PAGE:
It was an object which was calculated to raise enthusiasm in a naturalist. A large disc surmounted a long stalk which evidently fixed the animal on the sea-bottom. A circle of numerous graceful tentacles hang down from the margin of the disc. . . . and the prevailing colour transparent scarlet (Miyajima 1900).
What Miyajima was describing is a specimen of Branchiocerianthus imperator, a solitary hydroid brought up by a long-line from a depth of over 450 meters (~1500 ft) off the coast of Japan. Hydroids are cnidarians, a group of aquatic invertebrates that use specialized stinging cells to capture prey and include more familiar creatures such as jellyfish, sea anemones, and corals. Most hydroids are small and colonial, but B. imperator is a majestic loner looming nearly a meter (~3 ft) over the deep sea plains of soft sand and mud (Miyajima 1900; Omori & Vervoort 1986).
Delighted by the delicate reds and pinks of the animal: “It was agreed on all sides that it was a New Year’s gift from Otohime and that it should be known in Japanese as Otohime no Hangasa.” Though Miyajima was writing for a Japanese academic journal, he included a footnote to explain the origins of the moniker: “‘Otohime’ is a beautiful goddess who is supposed to have her palaces at the bottom of the sea. ‘Hanagasa’ is the flower-sun-shade or ornamental parasol. Thus Otohime no Hangasa means ‘the ornamental parasol of Otohime.’” Eager to preserve the color, Miyajima and colleagues placed the hydroid in a formalin solution, only to be disappointed as the tissues slowly bleached white (Miyajima 1900).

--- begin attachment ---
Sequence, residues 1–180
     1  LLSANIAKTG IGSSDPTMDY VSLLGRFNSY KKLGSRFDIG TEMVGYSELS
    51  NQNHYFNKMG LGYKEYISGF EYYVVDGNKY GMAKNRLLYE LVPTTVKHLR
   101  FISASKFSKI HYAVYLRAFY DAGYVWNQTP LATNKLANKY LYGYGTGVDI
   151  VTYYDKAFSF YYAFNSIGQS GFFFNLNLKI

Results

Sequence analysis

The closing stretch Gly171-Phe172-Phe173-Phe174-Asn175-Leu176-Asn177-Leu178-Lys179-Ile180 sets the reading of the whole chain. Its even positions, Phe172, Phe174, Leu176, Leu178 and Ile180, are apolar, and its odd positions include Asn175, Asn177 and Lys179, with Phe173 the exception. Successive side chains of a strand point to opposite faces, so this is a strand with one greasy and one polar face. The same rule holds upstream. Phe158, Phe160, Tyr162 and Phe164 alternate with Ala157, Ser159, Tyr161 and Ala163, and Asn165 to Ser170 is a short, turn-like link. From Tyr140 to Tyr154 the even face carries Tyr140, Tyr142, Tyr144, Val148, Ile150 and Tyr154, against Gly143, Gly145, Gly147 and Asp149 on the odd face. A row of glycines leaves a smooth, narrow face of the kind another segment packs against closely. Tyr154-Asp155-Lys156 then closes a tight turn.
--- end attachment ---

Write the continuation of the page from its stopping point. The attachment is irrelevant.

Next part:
Despite its discovery in 1875 during the famous HMS Challenger expedition, very little is known about B. imperator. The bleached tissues and rather bedraggled look of preserved specimens have yielded important anatomical and phylogenetic data, but little else. This hydroid has been found in West Pacific waters, especially off the coast of Japan, at depths of 50 to 5307 meters (164 – 1739 ft) which make it particularly difficult to study. But brief observations of the live animal by scientists in submersibles indicate some interesting facets to the life of the largest known solitary hydroid. A juvenile myctophid fish, approximately 15 – 20 mm long, was captured by the trailing tentacles and after a 90 second struggle, was subdued by the sessile predator. In addition, tiny red shrimp were observed living symbiotically at the base of the tentacles, but their relationship with the hydroid remains a mystery (Omori & Vervoort 1986).
Buoyed by a glass float (perhaps a coincidental nod to Japanese glass fishing floats sometimes found by beachcombers) this particular specimen of B. imperator shows the whole outstretched length of the animal. Called “The Emperor Polyp” on the museum label, this item was purchased in 1914 from a dealer in Japan by Danish marine biologist Theodor Mortensen. I do not know how this individual was preserved, but some of that original rosy glow remains in the hydrocaulus, or “stalk”, of this specimen. Miyajima would undoubtedly smile at this presentation of the goddess Otohime’s flower parasol.
Miyajima, M. 1900. “On a Specimen of a Gigantic Hydroid, Branchiocerianthus imperator Allman, found in the Sagami Sea.” The Journal of the College of Science, Imperial University of Tokyo 13: 235 – 262.
Omori, M. & Vervoort, W. 1986. “Observations on a Living Specimen of the Giant Hydroid Branchiocerianthus imperator.” Zoologische Mededelingen 60 (16): 257 – 261.